Six women with treatment resistant depression were recruited to the study, alongside six healthy female volunteers. The participants viewed a series of images that contained a picture and a caption while the researchers observed their emotional reaction using a brain imaging technique, known as functional magnetic resonance imaging (fRMI). This procedure is invaluable in tracking brain activity, and can pinpoint areas of the brain used in specific tasks.

The team found that people with depression processed their emotional response to the images differently from the healthy individuals. Some parts of the brain were less active in people with depression than the control group, while other areas showed greater activity. For instance activities in some regions of the brain, such as the rostral anterior cingulate, were reduced in people with depression compared to the healthy participants. However the team noticed that an area of the brain, the subgenual cingulate, associated with sadness in healthy people, was activated by the positive images shown to the participants with depression.



Reference:

Neural Abnormalities during Cognitive Generation of Affect in Treatment Resistant Depression Veena Kumari, Martina T. Mitterschiffthaler, John D. Teasdale, Gin S. Malhi, Richard G Brown, Vincent Giampietro, Michael J. Brammer, Lucia Poon, Andrew Simmons, Steven CR Williams, Stuart A. Checkley, Tonmoy Sharma. (Biological Psychiatry 15 October 2003)

Another study by the same group which gives insight on the research is:

Neural response to pleasant stimuli in anhedonia: an fMRI study Martina T. Mitterschiffthaler, Veena Kumari, Gin S. Malhi, Richard G Brown, Vincent Giampietro, Michael J. Brammer, Lucia Poon, Andrew Simmons, John Suckling, Christopher Andrew and Tonmoy Sharma (NEUROREPORT 10 February 2003)



Post a Comment

Featured Products From the ProHealth Store
Ultra EPA  - Fish Oil Vitamin D3 Extreme™ Optimized Curcumin Longvida®


Article Comments



Be the first to comment on this article!

Post a Comment


 
Natural Pain Relief Supplements

Featured Products

FibroSleep™ FibroSleep™
The All-in-One Natural Sleep Aid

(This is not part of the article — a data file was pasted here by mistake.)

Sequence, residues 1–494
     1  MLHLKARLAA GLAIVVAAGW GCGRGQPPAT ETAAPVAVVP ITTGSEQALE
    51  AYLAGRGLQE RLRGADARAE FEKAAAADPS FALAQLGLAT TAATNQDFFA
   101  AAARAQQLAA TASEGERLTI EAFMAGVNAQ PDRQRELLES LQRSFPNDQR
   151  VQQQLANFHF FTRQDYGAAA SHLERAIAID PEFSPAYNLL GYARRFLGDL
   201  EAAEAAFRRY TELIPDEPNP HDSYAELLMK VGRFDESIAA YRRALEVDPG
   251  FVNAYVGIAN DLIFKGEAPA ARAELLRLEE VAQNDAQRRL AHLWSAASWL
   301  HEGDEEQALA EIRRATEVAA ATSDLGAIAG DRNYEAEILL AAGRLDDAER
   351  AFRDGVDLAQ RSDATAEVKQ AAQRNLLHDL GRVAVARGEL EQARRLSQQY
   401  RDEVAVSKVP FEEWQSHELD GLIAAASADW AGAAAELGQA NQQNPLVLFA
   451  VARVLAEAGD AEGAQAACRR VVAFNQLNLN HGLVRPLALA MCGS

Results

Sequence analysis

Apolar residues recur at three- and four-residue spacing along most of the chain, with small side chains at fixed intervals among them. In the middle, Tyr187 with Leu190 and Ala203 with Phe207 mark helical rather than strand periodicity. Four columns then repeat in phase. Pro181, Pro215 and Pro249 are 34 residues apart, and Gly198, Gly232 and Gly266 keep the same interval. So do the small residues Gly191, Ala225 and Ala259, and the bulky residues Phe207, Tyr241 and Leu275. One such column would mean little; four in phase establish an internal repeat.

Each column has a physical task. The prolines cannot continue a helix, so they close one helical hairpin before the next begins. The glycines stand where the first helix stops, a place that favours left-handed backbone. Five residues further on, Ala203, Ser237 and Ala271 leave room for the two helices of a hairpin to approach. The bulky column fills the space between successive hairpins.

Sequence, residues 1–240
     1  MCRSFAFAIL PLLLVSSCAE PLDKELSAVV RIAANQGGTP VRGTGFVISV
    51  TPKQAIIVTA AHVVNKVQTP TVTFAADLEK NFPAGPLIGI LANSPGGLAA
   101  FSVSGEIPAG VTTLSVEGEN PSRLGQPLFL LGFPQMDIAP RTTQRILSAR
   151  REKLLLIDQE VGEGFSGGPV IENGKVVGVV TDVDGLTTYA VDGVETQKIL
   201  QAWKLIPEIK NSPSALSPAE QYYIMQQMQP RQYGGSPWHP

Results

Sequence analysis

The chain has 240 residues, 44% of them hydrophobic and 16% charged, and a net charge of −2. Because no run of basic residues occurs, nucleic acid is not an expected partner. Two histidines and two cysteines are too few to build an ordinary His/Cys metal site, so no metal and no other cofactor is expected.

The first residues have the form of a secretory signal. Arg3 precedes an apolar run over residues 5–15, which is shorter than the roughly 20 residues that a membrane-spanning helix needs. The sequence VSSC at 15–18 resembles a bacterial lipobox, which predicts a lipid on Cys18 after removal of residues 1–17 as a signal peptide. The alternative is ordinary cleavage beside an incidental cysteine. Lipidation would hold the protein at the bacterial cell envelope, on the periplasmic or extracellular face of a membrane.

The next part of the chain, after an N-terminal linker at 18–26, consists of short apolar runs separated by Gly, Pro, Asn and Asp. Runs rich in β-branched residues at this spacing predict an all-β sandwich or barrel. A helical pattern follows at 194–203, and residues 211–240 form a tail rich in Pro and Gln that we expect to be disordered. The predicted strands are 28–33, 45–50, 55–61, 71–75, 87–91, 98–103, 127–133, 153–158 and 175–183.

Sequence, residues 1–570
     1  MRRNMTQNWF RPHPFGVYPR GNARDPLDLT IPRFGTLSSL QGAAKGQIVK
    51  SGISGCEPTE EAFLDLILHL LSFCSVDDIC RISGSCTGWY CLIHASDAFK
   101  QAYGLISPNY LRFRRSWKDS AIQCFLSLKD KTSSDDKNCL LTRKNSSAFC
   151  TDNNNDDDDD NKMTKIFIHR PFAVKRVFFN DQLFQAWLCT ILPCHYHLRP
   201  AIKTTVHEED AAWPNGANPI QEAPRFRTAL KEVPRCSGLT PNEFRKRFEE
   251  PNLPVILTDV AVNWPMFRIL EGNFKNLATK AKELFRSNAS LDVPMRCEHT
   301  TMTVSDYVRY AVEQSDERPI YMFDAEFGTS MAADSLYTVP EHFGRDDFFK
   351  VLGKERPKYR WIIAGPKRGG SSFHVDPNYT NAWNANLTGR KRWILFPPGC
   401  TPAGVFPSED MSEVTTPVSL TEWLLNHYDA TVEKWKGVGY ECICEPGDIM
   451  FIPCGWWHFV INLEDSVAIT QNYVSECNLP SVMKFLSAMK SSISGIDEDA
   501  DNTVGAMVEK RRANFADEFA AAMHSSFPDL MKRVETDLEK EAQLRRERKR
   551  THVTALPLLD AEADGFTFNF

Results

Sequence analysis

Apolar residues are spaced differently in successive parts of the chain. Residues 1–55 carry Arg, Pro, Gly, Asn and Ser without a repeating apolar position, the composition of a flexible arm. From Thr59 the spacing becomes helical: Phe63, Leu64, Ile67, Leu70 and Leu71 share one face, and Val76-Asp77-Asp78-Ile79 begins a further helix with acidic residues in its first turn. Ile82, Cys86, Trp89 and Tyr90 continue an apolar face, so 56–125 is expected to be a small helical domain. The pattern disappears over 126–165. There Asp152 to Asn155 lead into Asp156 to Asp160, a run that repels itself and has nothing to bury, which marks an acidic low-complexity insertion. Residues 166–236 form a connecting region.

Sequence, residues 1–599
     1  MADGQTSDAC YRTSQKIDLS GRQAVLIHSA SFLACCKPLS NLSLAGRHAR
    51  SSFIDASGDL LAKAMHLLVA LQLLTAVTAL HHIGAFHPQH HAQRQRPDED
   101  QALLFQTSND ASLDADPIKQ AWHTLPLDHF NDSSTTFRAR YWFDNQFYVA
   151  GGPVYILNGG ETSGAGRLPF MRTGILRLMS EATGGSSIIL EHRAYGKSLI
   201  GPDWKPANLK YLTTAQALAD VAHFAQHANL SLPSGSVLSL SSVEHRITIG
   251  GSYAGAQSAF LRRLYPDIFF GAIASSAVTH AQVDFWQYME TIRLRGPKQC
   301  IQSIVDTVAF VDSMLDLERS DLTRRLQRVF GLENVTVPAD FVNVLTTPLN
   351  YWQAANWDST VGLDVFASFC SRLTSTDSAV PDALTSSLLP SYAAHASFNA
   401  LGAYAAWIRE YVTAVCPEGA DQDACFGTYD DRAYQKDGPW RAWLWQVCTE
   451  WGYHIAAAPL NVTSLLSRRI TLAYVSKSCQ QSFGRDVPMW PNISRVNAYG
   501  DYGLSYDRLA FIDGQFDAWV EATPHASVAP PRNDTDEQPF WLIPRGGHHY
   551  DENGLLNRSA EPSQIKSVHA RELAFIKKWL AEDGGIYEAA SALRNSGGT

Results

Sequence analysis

Optimized Curcumin Longvida® Optimized Curcumin Longvida®
Supports Cognition, Memory & Overall Health
Mitochondria Ignite™ with NT Factor® Mitochondria Ignite™ with NT Factor®
Reduce Fatigue up to 45%
Ultra EPA  - Fish Oil Ultra EPA - Fish Oil
Ultra concentrated source of essential fish oils
Energy NADH™ 12.5mg Energy NADH™ 12.5mg
Improve Energy & Cognitive Function

Natural Remedies

Sleep Like a Baby in Nature's Cradle Sleep Like a Baby in Nature's Cradle
Could a B-12 Deficiency Be Causing Your Symptoms? Could a B-12 Deficiency Be Causing Your Symptoms?
The Big Blue Fish that Helps Chase the Blues Away The Big Blue Fish that Helps Chase the Blues Away
Priming Your Immune System for Cold & Flu Season Priming Your Immune System for Cold & Flu Season
Stop Bacteria With Nature's Antibiotics Stop Bacteria With Nature's Antibiotics

CONTACT US
ProHealth, Inc.
555 Maple Ave
Carpinteria, CA 93013
(800) 366-6056  |  Email

· Become a Wholesaler
· Vendor Inquiries
· Affiliate Program
SHOP WITH CONFIDENCE
Credit Card Processing
SUBSCRIBE TO OUR NEWSLETTERS
Get the latest news about Fibromyalgia, M.E/Chronic Fatigue Syndrome, Lyme Disease and Natural Wellness

CONNECT WITH US ProHealth on Facebook  ProHealth on Twitter  ProHealth on Pinterest  ProHealth on Google Plus

© 2016 ProHealth, Inc. All rights reserved. Pain Tracker App  |  Store  |  Customer Service  |  Guarantee  |  Privacy  |  Contact Us  |  Library  |  RSS  |  Site Map